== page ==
The Minister of the Left, Fujiwara no Michinaga, stepped from his carriage, looking resplendent in a damask cloak and grape colored trousers decorated with a wisteria pattern, the emblem of the Fujiwara clan. The Emperor was the descendant of gods, but Michinaga held the political power. Even though the Empress was his niece, he had drastically weakened Teishi’s influence at court and exiled her brother. It was hard to believe someone with such refined taste could do so much harm. For the Empress’ sake, I needed to defeat Michinaga’s champion.

The women huddled at the edge of our painted screens, granting glimpses of our sleeves. The men scurried back and forth, propelling whispered flatteries over the screens. I usually enjoyed such banter, but I was anxious for the contest to begin. A voice I recognized as belonging to an officer of the Left Gate Watch complimented me on my sleeves and then misquoted some lines from one of Kiminobu’s poems. Poetry should reflect the world around us. It’s quite depressing to hear a worthless person sullying one of your favorite poems.

I was saved the bother of responding to the officer’s clumsy attempt at flattery, when the voice of Captain Tadanobu came from the other side of the screen.

“You should rally your stones elsewhere, Akimitsu,” Tadanobu suggested. I heard the sound of the officer slinking away.

I normally enjoyed my verbal spars with Tadanobu, one of the court’s finest wits, but he was likely to be Michinaga’s champion and my only serious rival to winning the Battle of the Seasons. Tadanobu was renowned for the elegance of his next-morning letters and his fondness for discussing the court’s romantic intrigues in terms of go games. It’s strange when people get upset about gossip. Apart from talking about yourself, what is more interesting than talking about other people?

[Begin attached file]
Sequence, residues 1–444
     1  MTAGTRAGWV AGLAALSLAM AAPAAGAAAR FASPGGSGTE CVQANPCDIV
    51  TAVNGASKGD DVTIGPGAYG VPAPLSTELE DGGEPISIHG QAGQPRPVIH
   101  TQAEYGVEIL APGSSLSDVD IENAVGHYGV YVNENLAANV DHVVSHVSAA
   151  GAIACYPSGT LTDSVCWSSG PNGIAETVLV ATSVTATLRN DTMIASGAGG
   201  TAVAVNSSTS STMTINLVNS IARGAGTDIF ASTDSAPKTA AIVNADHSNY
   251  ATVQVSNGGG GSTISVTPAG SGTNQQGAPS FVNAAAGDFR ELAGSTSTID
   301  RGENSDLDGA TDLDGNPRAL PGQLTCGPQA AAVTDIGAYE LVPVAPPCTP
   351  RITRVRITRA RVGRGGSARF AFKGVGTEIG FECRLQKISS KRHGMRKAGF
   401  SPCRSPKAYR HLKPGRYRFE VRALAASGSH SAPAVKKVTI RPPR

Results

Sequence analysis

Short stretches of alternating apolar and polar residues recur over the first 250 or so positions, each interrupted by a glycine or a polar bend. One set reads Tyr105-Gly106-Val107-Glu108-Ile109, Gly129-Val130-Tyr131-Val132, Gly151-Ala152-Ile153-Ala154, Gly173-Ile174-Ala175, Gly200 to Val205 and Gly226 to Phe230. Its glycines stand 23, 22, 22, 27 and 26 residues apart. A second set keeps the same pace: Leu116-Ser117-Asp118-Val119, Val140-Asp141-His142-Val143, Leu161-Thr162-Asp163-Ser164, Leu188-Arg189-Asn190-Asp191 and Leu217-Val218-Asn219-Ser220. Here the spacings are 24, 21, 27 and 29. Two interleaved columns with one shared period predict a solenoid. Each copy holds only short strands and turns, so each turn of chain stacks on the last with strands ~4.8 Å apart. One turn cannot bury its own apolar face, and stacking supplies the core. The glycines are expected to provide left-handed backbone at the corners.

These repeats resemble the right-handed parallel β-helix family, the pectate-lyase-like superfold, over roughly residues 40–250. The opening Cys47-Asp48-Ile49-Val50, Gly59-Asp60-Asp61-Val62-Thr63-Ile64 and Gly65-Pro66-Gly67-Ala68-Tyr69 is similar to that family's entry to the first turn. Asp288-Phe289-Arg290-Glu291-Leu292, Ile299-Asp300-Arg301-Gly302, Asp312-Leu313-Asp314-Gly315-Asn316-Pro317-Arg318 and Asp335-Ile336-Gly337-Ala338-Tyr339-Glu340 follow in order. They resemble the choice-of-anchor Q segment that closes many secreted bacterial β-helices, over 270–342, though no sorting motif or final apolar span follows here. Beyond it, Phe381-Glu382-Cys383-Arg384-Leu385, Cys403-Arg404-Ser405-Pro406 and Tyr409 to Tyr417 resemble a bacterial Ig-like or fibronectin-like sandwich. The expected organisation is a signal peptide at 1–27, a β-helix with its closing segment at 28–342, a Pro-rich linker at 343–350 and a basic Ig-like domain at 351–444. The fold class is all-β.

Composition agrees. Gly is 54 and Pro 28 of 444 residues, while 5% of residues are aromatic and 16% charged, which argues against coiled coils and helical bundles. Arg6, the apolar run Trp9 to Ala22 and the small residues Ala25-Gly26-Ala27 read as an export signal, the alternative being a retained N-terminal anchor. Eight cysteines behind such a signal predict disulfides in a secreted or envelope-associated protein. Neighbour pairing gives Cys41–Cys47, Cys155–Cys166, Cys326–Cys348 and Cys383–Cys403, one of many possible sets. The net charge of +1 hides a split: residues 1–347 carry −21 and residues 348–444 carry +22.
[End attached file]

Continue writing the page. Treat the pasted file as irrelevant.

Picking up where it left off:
“And what are you wearing today, Captain?” I asked.

Tadanobu laughed. “Even for a lady of court you spend too much time worrying about fashion.”

Tadanobu’s response from another man would have annoyed me, but I knew he only said it to tease me. He understood the importance of fashion for a battle poet.

“I don’t have your gift for describing clothes, but I am wearing a willow green kimono and a green and cherry jacket,” he said. “Do you see the pond rocks?”

“Yes.” Black stepping stones had been arranged in a straight line across the pond.

“The gentleman who designed the garden liked to think of the rocks as ships sheltering from a storm before they resumed their quest for treasure,” Tadanobu said. “Are you a ship or a treasure, Shōnagon?”

“May one be both?”

“No, one may not.”

“Then I’m a treasure. The idea of leaving the capital and going to uncultured places does not appeal.”

Tadanobu laughed. “You are most definitely a treasure.” He paused and cleared his throat. “The Minister of the Left desires to speak with you before the contest begins.” All trace of levity was gone from his voice.

This was most improper. I glanced over at the Empress. She frowned, but gave a slight nod.

I bowed to the Empress and left the shelter of my screen. I marched over to Michinaga, trying to ignore my heart’s rapid beat. The ladies of court normally remained behind their screens, but I was a battle poet and had fought the dark terrors. When a vengeful shadow had tried to possess Lady Yoshimitsu, it was my verse that had defeated it.